Stephen Schwartz has the juice

WORKING, based on the book by Studs Terkel, adapted by Stephen Schwartz and Nina Faso with additional contributions by Gordon Greenberg. Presented by the Royal Academy’s Musical Theatre Company and Orchestra, directed by Kimberley Sykes. Suzie Sainsbury Theatre, Royal Academy of Music, Thursday 14th June, 7.00pm

Studs Terkel was a radio guy (his show ran in Chicago every weekday for an astonishing 45 years) when radio was the main medium, the waves that defined the wave, the story of the nation, broadcast incessantly back at itself. Studs, aside from interviewing the famous, gathered oral histories, stories from those who experienced the Great Depression and the Second World War, the defining events of his own life, and, in the Seventies, he asked people, in unremarkable jobs, to tell him about those jobs, their working life. This being the Twentieth Century, these jobs defined these people. They were these jobs, which they tended to accept though, in some cases, through gritted teeth. Most of these stories are pretty hard going in the sense that their lives were tough. Which is why it’s remarkable that Stephen Schwartz, of Godspell fame at the time and Wicked fame now, should have thought that they could be fashioned into a broadway musical.

The musical didn’t run for long on Broadway initially, just 24 performances back in 1978, but it’s had a long afterlife (Lin-Manuel Miranda of Hamilton fame has contributed a couple of songs to later productions) and it’s interesting to wonder why? One reason is pretty obvious: Stephen Schwartz has the juice. He can put his finger on something that is relatable, and by lots of people. But he didn’t write all the songs himself. This was very much a collaborative project.

Another reason: oddly enough in today’s New York Times (Friday, 22 June) the columnist David Brooks talks about two story telling genres, myth and parable, which he relates historically to Athens (classical Greece) and Jerusalem (Christianity, the Bible). Working, the musical, is a small contribution to story-telling by parable. As David Brooks says in his article, parables have ordinary human characters and parables are meant to be relatable. Somewhere, in some corner of the firmament, in our age of myth, of heroes and villains, there is still an appetite for relatable stories about ordinary people.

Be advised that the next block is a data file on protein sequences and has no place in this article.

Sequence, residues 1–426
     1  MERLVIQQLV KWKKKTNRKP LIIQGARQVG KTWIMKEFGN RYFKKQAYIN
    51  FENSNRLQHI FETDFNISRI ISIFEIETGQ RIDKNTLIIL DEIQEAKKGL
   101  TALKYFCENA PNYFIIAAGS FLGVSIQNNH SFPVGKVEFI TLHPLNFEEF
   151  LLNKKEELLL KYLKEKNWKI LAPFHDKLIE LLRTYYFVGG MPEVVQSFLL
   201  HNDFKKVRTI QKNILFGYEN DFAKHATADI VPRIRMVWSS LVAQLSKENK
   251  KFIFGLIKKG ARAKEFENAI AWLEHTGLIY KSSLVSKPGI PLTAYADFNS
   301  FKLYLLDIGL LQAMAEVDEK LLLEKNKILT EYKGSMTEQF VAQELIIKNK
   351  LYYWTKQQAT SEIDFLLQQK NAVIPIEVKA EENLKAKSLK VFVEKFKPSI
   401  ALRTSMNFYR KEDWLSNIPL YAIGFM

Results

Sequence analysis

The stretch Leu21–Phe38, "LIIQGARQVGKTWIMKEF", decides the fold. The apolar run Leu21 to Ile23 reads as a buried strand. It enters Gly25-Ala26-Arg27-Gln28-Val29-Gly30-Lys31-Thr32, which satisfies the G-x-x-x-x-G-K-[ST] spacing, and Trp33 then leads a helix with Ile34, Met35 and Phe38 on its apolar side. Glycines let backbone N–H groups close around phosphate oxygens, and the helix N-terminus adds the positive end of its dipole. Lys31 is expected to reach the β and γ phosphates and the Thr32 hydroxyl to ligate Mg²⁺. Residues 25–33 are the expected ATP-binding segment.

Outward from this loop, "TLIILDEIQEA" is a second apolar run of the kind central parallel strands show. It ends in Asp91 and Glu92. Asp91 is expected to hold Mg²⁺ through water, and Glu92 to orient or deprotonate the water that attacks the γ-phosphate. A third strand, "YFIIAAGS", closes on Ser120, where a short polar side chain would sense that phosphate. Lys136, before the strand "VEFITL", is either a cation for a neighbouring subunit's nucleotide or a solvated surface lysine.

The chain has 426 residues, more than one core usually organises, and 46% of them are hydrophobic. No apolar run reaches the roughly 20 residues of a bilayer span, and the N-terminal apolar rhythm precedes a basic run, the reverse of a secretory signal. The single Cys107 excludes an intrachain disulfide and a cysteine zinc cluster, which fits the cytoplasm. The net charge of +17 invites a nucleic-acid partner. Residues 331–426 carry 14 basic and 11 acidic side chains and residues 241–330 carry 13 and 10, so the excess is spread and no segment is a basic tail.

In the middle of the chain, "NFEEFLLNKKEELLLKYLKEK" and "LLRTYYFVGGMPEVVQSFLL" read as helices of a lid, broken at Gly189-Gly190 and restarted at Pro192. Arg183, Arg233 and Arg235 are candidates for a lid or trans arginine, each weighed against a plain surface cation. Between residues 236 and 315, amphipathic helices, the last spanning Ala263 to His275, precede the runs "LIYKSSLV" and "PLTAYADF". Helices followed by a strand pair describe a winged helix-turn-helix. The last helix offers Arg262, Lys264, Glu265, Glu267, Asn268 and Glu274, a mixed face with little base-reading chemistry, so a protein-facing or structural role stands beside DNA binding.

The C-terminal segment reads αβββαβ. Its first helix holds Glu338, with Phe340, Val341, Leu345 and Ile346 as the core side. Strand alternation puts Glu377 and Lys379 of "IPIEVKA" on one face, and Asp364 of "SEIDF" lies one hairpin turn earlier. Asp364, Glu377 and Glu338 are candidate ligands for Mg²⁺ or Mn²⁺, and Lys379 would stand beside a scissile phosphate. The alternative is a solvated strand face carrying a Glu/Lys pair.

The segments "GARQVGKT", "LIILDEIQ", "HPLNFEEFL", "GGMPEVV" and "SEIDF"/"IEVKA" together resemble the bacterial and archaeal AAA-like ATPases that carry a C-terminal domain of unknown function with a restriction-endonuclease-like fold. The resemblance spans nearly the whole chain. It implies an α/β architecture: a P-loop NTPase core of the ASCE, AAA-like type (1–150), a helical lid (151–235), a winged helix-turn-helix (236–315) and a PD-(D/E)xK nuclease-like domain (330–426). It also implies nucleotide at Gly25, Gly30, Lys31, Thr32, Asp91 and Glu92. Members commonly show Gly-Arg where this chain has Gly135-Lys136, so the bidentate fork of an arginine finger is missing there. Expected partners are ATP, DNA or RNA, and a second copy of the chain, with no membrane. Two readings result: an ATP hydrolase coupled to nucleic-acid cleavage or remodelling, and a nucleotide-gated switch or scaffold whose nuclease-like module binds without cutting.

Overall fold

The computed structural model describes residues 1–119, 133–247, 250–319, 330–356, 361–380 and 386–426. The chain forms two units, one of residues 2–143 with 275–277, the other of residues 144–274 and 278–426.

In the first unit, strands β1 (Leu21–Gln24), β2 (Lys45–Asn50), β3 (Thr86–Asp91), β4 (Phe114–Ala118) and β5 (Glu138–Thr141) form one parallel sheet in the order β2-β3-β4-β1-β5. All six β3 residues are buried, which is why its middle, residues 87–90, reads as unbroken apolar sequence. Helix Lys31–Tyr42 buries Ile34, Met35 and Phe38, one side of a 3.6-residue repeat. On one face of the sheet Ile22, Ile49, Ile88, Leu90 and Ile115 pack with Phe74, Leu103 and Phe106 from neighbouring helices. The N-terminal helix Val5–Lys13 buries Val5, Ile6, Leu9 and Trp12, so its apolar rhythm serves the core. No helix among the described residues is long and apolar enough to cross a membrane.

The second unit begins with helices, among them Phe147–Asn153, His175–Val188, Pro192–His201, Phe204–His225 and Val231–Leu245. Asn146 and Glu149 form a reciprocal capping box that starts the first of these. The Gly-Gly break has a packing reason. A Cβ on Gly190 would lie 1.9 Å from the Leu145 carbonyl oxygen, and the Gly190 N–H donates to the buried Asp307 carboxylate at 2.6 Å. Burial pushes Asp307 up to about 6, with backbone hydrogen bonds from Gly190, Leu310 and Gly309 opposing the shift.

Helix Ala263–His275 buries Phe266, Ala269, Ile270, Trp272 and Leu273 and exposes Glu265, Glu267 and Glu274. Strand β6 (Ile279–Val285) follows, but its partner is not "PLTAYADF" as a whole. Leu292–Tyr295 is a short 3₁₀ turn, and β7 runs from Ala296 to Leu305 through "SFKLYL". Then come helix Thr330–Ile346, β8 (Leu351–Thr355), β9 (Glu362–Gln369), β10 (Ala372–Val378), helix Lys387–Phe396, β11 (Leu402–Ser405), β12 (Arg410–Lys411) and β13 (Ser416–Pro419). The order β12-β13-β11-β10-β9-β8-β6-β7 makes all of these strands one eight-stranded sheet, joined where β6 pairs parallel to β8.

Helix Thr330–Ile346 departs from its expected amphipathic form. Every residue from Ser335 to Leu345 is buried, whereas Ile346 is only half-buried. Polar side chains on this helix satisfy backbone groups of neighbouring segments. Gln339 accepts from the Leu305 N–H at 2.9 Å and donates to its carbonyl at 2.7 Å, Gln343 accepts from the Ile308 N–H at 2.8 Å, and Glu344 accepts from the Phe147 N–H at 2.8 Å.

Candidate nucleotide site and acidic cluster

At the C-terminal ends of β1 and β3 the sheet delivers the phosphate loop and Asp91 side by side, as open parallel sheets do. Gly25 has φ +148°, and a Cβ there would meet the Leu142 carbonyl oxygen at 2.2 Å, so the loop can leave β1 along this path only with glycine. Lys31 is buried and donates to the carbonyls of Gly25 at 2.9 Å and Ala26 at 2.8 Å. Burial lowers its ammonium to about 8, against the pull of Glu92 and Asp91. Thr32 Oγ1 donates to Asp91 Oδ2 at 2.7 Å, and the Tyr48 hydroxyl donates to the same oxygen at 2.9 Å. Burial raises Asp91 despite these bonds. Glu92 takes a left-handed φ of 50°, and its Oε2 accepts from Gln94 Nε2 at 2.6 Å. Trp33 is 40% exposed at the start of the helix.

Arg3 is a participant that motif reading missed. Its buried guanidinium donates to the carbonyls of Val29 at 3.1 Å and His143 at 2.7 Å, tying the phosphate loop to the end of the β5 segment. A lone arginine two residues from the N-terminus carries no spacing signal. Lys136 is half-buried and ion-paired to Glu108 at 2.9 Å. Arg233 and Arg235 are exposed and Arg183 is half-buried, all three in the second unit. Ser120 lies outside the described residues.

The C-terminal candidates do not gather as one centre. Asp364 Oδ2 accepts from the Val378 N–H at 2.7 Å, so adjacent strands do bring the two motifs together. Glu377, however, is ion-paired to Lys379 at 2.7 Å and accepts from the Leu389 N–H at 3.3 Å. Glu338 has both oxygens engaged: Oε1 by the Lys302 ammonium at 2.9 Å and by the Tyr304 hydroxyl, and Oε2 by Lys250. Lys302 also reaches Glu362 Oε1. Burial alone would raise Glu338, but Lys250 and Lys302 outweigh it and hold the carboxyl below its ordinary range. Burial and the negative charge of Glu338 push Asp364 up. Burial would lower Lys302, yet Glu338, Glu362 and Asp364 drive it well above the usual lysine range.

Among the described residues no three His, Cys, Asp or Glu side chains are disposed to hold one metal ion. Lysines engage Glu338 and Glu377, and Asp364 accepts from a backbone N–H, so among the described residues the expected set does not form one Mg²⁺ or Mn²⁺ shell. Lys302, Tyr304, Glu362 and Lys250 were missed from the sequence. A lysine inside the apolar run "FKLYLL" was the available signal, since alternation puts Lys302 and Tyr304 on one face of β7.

And more remarkable still: the further we get from the Seventies, from the period of Studs Terkel’s original book, the more relatable these stories seem to become. One of Stud’s contributors makes the point: “any people that are suffering have to stick together, whether they like it or not”. Myth is about heroic individuals, individual agency; parable is about people sticking together, how people help each other through the suffering. Roughly around this same time, while Studs was gathering his oral histories, Andy Warhol was satirising the tendency toward a kind of universal myth-making: everyone was going to be famous for 15 minutes. Social networking has attempted to make this a reality: we are all the heroes of our own news feeds.

Nothing about all this is to say Working is an easy musical to make work, to be entertaining in a theatrical sense as well as relatable on an academic, bookish level. It’s an impossible wish, but I wish this production could have another life, that it could be seen by more people, because it was an absolute delight, completely beyond any and all expectations. And the finale, which connects the building of the new theatre to a lament that the contributions of ordinary people so often go un-noticed, unremarked, was very touching and totally in keeping with everything that had gone before.

Paul Corcoran